FUTURES

VTE

A question of choice.
S. R. Algernon studied fiction writing and biology, among other things, at the University of North Carolina at Chapel Hill. He currently lives in Michigan.

Search for this author in:

Artistic illustration of a glass of red wine

Illustration by Jacey

“I understand about the rats and the electrodes,” said the man sitting opposite me in the restaurant, across town from the conference venue, “but what do you mean by VTE?”

He said he was a reporter. Maybe he had a blog. Either way, he was paying for lunch.

“Vicarious trial and error,” I said. I moved plates and wine glasses out of the way and took the plastic rat prop out of my complimentary tote bag. The rat had a silver peg sticking out of its head, an off-the-shelf wireless neural link.

The man glanced apprehensively at the wine glass at the edge of the table and turned his eyes back to me.

“It’s all about choices,” I said. I put the rat at one end of the table and my coffee cup at the other, then turned the wine list edgewise between them, as if it were a wall. “Suppose this rat has a choice: it can go to the right or to the left. One path earns it a reward, but which is right? Sometimes, a rat will look from left to right several times before committing to one or the other.”

“So it can try both paths out in its own mind?” said the reporter.

I nodded.

“We’ve known that for 80 years. We’ve known for even longer that a photon can behave as if it had taken both paths at once and interfered with itself. So, why not combine these insights? Why not send the rat down both paths at once?”

“I see,” said the reporter, with a smile that was either ingratiating or condescending. “A rat is not a photon.”

“No,” I said. “Neither is Schrödinger’s cat. However, suppose that if the rat receives the reward, a change is made to some qubit in a quantum computer. If the rat’s path is unobserved, like Schrödinger’s cat, it takes both paths. The rat both receives and does not receive the reward.”

I place the rat by the coffee cup to punctuate my explanation.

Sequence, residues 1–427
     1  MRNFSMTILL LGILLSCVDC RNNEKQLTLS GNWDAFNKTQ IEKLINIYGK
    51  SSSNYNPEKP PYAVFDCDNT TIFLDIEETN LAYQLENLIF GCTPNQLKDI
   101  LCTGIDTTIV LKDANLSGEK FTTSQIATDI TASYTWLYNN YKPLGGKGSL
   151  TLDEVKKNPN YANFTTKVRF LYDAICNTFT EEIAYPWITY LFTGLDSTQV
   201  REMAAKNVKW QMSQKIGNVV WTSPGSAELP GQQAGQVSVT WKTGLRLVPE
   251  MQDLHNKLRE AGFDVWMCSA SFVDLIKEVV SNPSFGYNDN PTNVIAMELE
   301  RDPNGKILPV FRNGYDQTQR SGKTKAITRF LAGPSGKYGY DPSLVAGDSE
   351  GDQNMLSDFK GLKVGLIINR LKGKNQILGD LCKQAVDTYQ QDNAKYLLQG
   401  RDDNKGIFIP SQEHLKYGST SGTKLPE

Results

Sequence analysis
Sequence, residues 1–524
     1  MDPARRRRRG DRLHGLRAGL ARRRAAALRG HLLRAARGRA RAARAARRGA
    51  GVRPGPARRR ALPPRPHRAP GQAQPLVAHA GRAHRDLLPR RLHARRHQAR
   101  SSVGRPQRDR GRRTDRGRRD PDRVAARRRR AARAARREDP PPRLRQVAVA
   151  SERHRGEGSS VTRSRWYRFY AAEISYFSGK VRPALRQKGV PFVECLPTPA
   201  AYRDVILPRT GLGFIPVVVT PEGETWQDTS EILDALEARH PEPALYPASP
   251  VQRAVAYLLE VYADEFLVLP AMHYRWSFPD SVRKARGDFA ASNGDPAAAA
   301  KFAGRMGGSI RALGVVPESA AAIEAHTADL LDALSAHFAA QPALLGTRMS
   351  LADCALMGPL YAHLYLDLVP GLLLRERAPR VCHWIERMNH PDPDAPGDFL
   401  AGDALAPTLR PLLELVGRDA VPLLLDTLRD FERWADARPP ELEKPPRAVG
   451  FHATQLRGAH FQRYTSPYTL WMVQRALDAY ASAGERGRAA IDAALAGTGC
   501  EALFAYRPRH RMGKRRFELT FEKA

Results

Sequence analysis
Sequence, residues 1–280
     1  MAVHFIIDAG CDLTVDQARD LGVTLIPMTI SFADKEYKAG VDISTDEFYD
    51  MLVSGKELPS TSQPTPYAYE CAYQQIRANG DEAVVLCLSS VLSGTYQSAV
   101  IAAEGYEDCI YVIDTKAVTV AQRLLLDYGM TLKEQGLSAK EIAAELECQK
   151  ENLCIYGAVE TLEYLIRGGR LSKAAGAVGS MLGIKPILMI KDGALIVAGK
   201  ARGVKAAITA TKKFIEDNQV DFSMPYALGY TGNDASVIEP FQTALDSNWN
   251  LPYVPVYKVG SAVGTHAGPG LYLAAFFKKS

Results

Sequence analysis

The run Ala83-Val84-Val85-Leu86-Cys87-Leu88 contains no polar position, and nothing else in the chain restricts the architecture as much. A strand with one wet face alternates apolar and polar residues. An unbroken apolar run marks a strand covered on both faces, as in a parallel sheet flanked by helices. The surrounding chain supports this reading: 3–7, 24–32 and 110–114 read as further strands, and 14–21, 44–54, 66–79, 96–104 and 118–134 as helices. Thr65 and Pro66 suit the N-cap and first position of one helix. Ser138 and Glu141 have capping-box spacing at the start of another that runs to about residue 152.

“Now suppose that this particle controls an electrode that stimulates the rat’s hippocampus in a way that triggers learning. The signal reaching its brain emerges from the superposition of the rats that took both paths. We have found that our rats who take the wrong path learn something about the right path, even though they never found the reward at the end. The rats that found the reward learnt that the other path was empty.”

“You can do this? You have an algorithm? The implications for stock traders, for generals, for world governments would be … considerable. After your talk tomorrow, there is no going back. This calls for celebration.” He raised his glass. “A toast to your discovery?”

My head pounded. I said nothing. I reached for the wine glass, but my hand shook. I knocked the glass off the table and it shattered a few inches from my shoes.

“That was,” said the reporter, “from the chef’s personal stock. No matter. I will request another glass.”

“I have to go to the washroom,” I said. “Please, if you’ll excuse me.”

I raced to the sink and splashed my face with cold water. I ran my fingers through now sweaty hair. My fingers brushed against the silver cylinder at the base of my own skull.

It has to be just nerves, I told myself. The thoughts of where this technology could go have got the better of me. No. It wasn’t the conversation. I had been jittery almost as soon as I sat down. I checked the quantum linkage to my hippocampus. The implant was telling me something, but what?

I remembered a story once of a Swiss doctor who had pricked the finger of an amnesiac to test her memory. Later, although she had no memory of the doctor, she refused to shake his hand. I dried my face, combed my hair and returned to the table.

A new glass of wine waited for me, and the reporter’s smile seemed a little too wide.

“I’m afraid I can’t stay,” I said.

“Just one drink?” he said, desperation rising behind his eyes.

“Sorry.” I said, without taking my seat. “I’m not feeling well.”

“A pity,” he said. His eyes dimmed briefly, but his smile did not fade. “We’ll reschedule.” He reached into the backpack by his seat, “but please take this with you. I picked it up at the airport, and I don’t have room for it in my luggage. Share it with your co-workers.”

I took the bottle and left. I sprinted around the corner and caught a passing bus. Only then did my unease subside.

I called Luisa, a grad student who was third author on our presentation. She was almost always in the lab writing software upgrades for the neural–quantum interface.

“How did it go with the reporter?” she asked.

“Not so well. Hey, does Carla at the hospital still owe you a favour? Good. I’ve got a bottle of … brandy here. I’d like to have it tested for toxins. And back up our data offsite. I think someone would rather our paper didn’t get out.”

“Why? What happened?”

“Nothing happened. It’s just a hunch. A possibility.”

Maybe it is just nerves. Maybe the time I spent in the lab has made me paranoid. But maybe there’s a universe out there where I took the glass of wine he offered. There’s an image I can’t quite get out of my head, of me gasping for air on the floor of a cafe while the man who called himself a reporter shoulders his backpack, slips through the doors and vanishes into the crowd.

Nature 565, 530 (2019)

doi: 10.1038/d41586-019-00196-9
Nature Briefing

Sign up for the daily Nature Briefing email newsletter

Stay up to date with what matters in science and why, handpicked from Nature and other publications worldwide.

Sign Up